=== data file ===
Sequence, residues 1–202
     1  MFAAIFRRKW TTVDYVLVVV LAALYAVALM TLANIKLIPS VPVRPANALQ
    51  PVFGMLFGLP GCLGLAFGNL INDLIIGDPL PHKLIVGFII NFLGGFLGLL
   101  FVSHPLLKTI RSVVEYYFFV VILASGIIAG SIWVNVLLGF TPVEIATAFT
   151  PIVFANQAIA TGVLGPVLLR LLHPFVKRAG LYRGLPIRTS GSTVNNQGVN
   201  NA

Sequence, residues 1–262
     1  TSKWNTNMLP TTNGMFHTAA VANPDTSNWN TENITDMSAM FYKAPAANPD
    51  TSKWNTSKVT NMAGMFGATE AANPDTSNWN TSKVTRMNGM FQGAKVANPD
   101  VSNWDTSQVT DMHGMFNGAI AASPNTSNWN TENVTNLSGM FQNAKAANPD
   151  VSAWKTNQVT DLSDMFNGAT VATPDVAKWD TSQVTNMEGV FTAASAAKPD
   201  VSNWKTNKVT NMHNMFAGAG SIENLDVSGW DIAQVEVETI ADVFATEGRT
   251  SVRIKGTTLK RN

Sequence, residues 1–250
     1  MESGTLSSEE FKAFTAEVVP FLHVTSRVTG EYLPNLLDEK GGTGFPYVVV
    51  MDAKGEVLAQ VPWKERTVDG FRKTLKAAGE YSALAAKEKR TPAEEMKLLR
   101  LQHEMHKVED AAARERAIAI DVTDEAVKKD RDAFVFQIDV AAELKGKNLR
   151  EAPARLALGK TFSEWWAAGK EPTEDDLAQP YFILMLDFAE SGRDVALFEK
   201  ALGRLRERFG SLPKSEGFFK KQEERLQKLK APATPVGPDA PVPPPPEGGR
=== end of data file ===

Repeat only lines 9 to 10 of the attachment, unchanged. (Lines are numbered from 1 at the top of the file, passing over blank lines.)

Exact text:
    51  TSKWNTSKVT NMAGMFGATE AANPDTSNWN TSKVTRMNGM FQGAKVANPD
   101  VSNWDTSQVT DMHGMFNGAI AASPNTSNWN TENVTNLSGM FQNAKAANPD